Sophomore Manahil Kashif opens henna business
According to Pew Research, only 60% of Americans know what Ramadan is, and even less have heard of Eid al-Fitr. Considering more than 1.6 billion people celebrated Eid last year alone, it might be time to dust off the Quran and take a history lesson.
Eid is one of the most widely celebrated holidays in the Muslim community, as it marks the end of Ramadan, a month-long holiday that requires fasting from dawn until dusk. For sophomore Manahil Kashif, it was the catalyst that led to her making hundreds of dollars in just four months.
Kashif grew up in a Pakistani family and was raised as a Muslim woman. As such, her family was very in touch with their religion and took pride in practicing many traditions that linked them to their culture. A particular tradition that stuck with her was Mehndi, commonly known as “henna.”
“Every Eid, we would use henna tattoos to decorate our hands,” Kashif said. “My mom would always do it for me, and I loved how cool it was and how long it stayed on.”
Henna is a temporary tattoo that is made using ink that sits only on the surface of the skin, instead of piercing it the way a regular tattoo would normally do. Made from the henna plant, it has unique staining properties which leaves an orange stain behind on skin and is applied via a piping bag. It has been practiced in Pakistan, India, Africa and the Middle East for over 5,000 years and can be primarily found in various religions such as Hinduism, Sikhism and Islam.
Henna holds great significance for Kashif and her family, hence her love for the art. However, as she began to grow older, it took on a different meaning for her.
“When I was 7, I started practicing on myself and on my friends and family. Even though it started off very ugly, the community I was surrounded by was very encouraging and helped me and told me to keep working,” Kashif said.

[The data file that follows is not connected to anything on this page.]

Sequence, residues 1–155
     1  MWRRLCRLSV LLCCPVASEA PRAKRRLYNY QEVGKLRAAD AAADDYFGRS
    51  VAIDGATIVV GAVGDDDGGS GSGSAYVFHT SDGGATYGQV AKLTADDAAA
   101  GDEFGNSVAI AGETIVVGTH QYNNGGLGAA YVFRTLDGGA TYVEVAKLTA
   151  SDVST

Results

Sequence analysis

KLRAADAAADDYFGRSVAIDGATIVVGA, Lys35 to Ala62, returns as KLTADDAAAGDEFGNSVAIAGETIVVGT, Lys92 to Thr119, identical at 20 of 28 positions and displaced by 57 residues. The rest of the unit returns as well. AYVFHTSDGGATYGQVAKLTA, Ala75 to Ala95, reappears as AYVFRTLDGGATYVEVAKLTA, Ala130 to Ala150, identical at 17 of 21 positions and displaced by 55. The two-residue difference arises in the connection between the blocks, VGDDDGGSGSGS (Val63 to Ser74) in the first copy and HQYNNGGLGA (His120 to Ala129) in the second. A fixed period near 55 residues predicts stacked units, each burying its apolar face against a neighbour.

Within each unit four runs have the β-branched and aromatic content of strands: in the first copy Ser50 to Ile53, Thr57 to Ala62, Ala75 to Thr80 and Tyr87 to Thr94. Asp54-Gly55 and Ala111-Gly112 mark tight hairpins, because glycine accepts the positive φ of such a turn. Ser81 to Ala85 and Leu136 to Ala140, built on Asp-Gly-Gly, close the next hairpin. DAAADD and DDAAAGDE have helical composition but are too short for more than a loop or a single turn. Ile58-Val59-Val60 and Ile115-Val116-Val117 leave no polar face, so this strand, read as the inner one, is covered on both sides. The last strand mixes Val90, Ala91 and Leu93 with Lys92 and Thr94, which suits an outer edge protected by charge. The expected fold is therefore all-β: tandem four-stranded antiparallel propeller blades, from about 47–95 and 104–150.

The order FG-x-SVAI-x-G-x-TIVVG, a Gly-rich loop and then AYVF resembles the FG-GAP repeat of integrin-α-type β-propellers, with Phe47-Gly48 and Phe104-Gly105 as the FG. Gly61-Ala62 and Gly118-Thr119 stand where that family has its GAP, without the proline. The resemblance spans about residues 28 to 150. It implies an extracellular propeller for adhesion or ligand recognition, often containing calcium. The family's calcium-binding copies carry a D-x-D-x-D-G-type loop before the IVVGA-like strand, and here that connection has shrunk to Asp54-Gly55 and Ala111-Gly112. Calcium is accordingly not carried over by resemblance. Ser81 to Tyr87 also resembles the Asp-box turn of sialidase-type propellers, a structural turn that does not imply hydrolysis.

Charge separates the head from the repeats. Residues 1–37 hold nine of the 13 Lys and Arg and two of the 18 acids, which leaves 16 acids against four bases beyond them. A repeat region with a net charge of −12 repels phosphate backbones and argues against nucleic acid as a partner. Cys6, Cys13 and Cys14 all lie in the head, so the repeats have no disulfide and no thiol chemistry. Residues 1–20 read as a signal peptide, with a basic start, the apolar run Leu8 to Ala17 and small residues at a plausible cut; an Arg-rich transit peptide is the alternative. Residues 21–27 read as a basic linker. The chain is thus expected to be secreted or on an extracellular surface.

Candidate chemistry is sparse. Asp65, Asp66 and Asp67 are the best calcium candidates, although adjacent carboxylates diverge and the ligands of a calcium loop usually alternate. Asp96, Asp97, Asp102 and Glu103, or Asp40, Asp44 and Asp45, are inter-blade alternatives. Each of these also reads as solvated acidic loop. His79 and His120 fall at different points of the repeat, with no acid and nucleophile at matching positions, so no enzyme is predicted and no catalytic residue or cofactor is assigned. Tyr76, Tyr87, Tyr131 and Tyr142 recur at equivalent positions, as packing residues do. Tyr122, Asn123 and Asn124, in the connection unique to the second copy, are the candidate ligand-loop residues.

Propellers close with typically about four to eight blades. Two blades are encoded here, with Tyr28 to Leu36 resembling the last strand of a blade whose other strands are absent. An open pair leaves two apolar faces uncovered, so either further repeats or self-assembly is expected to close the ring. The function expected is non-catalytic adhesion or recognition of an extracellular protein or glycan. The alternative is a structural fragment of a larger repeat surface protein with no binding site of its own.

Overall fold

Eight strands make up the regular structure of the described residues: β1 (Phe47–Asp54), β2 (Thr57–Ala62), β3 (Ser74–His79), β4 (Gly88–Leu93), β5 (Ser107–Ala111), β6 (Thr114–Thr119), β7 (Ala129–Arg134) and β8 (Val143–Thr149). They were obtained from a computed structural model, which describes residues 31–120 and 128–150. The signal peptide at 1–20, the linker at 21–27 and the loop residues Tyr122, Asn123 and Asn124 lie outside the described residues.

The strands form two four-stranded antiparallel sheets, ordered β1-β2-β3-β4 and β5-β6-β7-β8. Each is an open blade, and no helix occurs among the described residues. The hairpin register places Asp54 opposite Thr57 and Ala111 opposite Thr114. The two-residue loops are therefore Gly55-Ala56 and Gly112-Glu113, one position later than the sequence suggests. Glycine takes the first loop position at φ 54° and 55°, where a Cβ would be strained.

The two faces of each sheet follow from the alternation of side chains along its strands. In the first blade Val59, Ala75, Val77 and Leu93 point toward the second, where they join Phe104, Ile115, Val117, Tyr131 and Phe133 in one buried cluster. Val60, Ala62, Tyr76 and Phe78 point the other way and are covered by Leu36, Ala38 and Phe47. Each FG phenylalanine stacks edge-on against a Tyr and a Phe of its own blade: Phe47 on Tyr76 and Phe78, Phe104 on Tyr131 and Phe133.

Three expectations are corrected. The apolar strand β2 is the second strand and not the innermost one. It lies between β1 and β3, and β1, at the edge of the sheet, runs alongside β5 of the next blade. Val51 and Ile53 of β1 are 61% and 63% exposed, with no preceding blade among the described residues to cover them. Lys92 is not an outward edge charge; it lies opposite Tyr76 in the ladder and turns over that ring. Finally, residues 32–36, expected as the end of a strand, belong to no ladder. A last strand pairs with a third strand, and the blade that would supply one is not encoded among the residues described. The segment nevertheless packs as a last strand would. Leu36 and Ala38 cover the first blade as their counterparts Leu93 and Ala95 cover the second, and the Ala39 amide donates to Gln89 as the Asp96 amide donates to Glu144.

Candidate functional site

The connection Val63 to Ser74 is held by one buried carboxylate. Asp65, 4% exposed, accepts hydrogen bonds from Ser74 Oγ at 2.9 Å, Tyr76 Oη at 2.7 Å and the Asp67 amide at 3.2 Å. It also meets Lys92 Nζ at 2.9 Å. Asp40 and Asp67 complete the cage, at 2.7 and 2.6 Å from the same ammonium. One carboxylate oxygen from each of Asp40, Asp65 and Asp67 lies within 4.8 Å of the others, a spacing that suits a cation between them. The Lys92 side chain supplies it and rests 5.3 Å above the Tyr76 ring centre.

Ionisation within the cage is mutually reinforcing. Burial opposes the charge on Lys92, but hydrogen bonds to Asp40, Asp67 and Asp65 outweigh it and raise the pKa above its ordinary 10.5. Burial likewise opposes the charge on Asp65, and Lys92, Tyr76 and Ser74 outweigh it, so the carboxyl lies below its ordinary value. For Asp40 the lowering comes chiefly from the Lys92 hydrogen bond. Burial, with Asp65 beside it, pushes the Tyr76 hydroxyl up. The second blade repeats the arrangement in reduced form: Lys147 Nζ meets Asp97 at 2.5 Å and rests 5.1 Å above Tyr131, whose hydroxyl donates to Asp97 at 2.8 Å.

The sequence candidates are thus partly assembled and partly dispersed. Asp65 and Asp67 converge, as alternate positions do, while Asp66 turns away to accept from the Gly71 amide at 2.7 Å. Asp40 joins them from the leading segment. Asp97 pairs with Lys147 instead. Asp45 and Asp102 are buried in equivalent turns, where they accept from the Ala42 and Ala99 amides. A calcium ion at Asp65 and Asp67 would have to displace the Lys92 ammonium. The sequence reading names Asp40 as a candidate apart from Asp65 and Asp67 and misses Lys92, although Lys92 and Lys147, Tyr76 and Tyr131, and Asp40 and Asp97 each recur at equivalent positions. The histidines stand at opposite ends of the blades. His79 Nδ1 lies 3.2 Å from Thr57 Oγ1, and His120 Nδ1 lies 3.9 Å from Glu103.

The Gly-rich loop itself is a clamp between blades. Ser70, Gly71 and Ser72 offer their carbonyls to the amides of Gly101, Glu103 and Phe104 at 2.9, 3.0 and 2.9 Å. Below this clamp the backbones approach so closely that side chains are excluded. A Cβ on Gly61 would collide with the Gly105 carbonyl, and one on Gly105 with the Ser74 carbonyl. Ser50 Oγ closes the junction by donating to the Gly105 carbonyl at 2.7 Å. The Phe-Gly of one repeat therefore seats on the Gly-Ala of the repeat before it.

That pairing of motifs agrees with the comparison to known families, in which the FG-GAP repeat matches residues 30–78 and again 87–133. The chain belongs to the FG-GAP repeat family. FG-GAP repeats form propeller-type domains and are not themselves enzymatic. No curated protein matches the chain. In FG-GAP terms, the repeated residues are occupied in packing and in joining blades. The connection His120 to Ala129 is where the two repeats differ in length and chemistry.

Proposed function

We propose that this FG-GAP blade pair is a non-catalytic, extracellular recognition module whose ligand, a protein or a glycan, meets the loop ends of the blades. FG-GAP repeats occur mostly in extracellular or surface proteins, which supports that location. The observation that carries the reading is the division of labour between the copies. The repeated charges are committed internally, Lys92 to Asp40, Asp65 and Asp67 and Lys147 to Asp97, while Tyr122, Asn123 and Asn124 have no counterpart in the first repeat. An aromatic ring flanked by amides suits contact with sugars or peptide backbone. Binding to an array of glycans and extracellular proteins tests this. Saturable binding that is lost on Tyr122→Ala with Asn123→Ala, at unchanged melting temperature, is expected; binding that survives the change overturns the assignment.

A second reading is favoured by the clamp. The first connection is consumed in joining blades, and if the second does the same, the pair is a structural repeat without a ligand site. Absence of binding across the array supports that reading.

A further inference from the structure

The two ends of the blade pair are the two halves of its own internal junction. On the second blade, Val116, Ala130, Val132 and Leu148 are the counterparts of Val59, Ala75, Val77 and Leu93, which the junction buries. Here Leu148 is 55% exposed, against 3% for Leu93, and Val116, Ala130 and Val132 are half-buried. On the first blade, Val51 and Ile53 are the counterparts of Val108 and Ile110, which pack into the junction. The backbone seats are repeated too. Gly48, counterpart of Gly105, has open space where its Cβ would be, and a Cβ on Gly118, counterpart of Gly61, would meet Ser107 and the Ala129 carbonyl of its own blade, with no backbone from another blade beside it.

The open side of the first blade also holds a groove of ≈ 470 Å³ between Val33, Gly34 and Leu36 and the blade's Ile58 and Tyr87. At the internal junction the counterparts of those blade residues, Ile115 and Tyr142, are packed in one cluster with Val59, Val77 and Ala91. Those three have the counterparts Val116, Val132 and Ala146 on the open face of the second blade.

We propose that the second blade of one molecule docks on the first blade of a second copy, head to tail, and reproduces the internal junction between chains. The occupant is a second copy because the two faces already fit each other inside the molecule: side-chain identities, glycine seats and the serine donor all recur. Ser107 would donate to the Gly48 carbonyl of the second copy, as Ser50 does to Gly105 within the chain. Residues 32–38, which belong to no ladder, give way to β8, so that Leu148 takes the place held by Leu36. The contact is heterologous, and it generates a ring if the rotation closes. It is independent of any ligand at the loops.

Fast-forward five years later, Kashif started to see more and more henna stalls run by predominantly white people at amusement parks such as Busch Gardens. Since this is a cultural staple for many Muslims and Pakistanis such as herself, she was taken aback by how people weren’t appreciating the art at all. People who were neither ethnically nor religiously affiliated with the art were charging over $20.
Knowing this, Kashif decided to start her very own henna business using the knowledge that she has acquired over the years. The goal was to teach people what cultural appropriation is and to teach them how to appreciate her culture instead. Not only is it being given by someone who is intimately familiar with the history behind it, but she also charges half the price of the average rate for henna tattoos.
Since she is a Muslim herself, she only buys her products from Desi-run stores (a person who is of Indian, Pakistani or Bangladeshi birth). Sure enough, within a week of the business being started up, she made $100.
This trend of success has continued long after that very first week, and now, her business has grown to the extent where she has appointments almost every single day. With each person who requests a tattoo, she not only delivers, but also tells them the history behind the tattoo, as well as the significance it holds.
“I’m very comfortable getting the tattoo from her,” sophomore Angelina Kennedy, who is a returning customer, said. “It is extremely quick and of such good quality and service for a great price.”
Ever since she first delved into the world of henna on her seventh Eid al-Fitr, Kashif has never stopped pursuing her passion, even if she faced adversity by doing so.
“There was a lot of racism growing up, especially when I started wearing my hijab in middle school,” Kashif said. “I really wanted to fit in, so I didn’t wear my hijab at all in sixth grade, and I wore only American clothes. But in seventh grade, I decided to step out of my comfort zone and wear my hijab. I realized how much I loved it, and I’ve been wearing it ever since.”
But now, even with these obstacles, Kashif and her business are thriving. She established a reputation for herself around the school and has made more than $200 from the first semester alone. Using this opportunity to give back, she also gives 15% of the proceeds to Masjid Jamaat Al’Mu-mineem, her local Mosque.
Thanks to both the community that constantly supports her, as well as her natural gift, Kashif continues to do what she loves as she goes into 2022 hoping to sharpen her skills even more.